latter of being wreckers and counter-revolutionaries. 

Although the shadow of the concentration camps 

hung over everyone I worked with, they rarely if ever 

spoke of it. Expression of your fears might bring about 

the very thing you dreaded. 

The very few people who managed to survive a term 

of forced labor under the secret police and returned to 

Scapegoats 237 

Moscow dared not speak openly of their experiences lest 

they be sent back to the living death they had been re- 

leased from. 

One evening my husband brought home with him a 

friend of his youth whom he had by chance encountered. 

This man, whose name I will not mention since it is pos- 

sible he still lives, had been in prison both under the Tsar 

and under Stalin. 

Arcadi came to me in the kitchen to warn me not to 

ask him questions. 

“None of your English frankness, darling,” he said. 

“He has probably been warned not to talk as the price 

of his liberty. Let him talk if he will, but don’t ask ques- 

tions.” 

Our visitor gave us no details, but one remark was as 

revealing as any description of his suffering or that of 

others could have been. He said, 

“We ought to have thanked God for the mercy of the 

Tsar.” 

Year by year the slave labor camps became a more 

integral part of the Soviet system. They had been begun 

as places of punishment and of warning. Fear of being 

delivered into the cruel hands of the secret police drove 

the workers to accept regimentation, the deprivation of 

the last vestiges of trade-union rights, and the speed-up. 

Gradually, however, the secret police, by sweeping 

millions of victims into its camps, came to exercise a 

dominant role in the economic life of Russia. By the time 

its name had been changed to NKVD, the secret police 

238 Lost Illusion 

owned factories and farms as well as being in charge of 

the timber camps, canal construction, road and railway 

building and other public works. 

The number of slave laborers in Russia today is known 

to be larger than ever before, but it was already calcu- 

lated to be about ten million when I lived in Moscow. 

The Soviet brand of “democracy” averages two to three 

political prisoners for every enrolled Communist Party 

member in Russia. The Soviet economy could no longer 

function without slave labor. 

To retain its labor force the NKVD practiced cruel 

jokes upon the prisoners who had lived through their 

term of purgatory. For instance it was announced in the 

Russian press that the prisoners liberated on completion 

of the White Sea-Baltic Canal “had become so fond of 

working collectively,” that they were being “allowed” to 

take part in another great construction project, the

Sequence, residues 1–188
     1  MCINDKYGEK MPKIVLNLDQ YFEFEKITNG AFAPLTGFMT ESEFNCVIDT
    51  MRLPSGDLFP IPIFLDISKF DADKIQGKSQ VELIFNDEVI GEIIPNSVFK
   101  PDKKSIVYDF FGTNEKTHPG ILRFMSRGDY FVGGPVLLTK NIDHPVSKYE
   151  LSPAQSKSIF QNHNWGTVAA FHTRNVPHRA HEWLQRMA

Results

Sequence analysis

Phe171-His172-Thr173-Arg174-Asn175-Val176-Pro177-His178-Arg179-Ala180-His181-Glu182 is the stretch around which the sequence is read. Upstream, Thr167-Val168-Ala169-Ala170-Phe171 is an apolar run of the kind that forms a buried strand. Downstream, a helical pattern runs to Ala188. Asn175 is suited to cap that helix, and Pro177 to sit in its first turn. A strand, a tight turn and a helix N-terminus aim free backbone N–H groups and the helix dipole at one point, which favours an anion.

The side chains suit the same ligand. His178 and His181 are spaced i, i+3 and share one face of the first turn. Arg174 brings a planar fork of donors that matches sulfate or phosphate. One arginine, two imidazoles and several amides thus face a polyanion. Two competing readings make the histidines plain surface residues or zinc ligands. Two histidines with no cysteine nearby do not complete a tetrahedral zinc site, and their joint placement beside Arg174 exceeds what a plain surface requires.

Moscow-Volga Canal. 

New categories of victims were sought periodically to 

replenish the NKVD’s forced labor battalions, contin- 

ually depleted by the high death rate among the over- 

worked half-starved slaves. 

One day I found an American friend, Milly Mitchell, 

in tears in her hotel room. The secret police had taken 

her Russian husband, an actor, accusing him of the crime 

of homosexuality in an earlier period of his life. 

Russian friends regarded me as naive when I asked 

why such and such a person had been arrested and 

shrugged their shoulders. Arrest was regarded like death; 

the reaper who might strike anywhere. 

Scapegoats 239 

What was regarded as a funny story in the grim at- 

mosphere of our lives, was told me by our friend Erbes- 

feld who had worked for a time at Archangel. One day 

in the Stolovaya of the Timber Trust some bad mutton 

had been served. An employee called Boris had joked 

about it saying, “Stalin loves mutton but he wouldn’t 

eat this.” 

Next day Boris did not come to work. His disappear- 

ance was at once ascribed to his having used Stalin’s 

name in jest. It seemed quite natural to his comrades that 

he should have been arrested. 

What had actually happened to Boris was little less 

fantastic. He had in fact been summoned to the secret 

police offices. While waiting in the courtyard a gang of 

ex-Kulak slave laborers was driven in after a long march. 

When they were rounded up to proceed to their pIace 

of work, Boris was pushed in with them. He protested 

that he was not one of the gang, but a soldier prodded 

him with a bayonet and forced him to march. 

Meanwhile the OGPU was hunting for Boris, and 

decided he must have run away. They instituted a search 

for him and finally after six weeks discovered he was in 

one of their own slave camps. The story had a happy 

ending for Boris was released. The secret police had 

called him for questioning on a matter which did not 

concern him personally. The mutton had nothing to do 

with it. 

The only way in which the specialists could save their 

lives and liberty was to make themselves indispensable to 

their Party bosses, either by helping them to “cook ac- 

240 Lost illusion 

counts,” put on false fronts, and in general make it ap- 

pear that the enterprise was fulfilling the Plan, or even 

overfulfilling it, when in reality production was defec- 

tive, machinery deteriorating, and insufficient quantities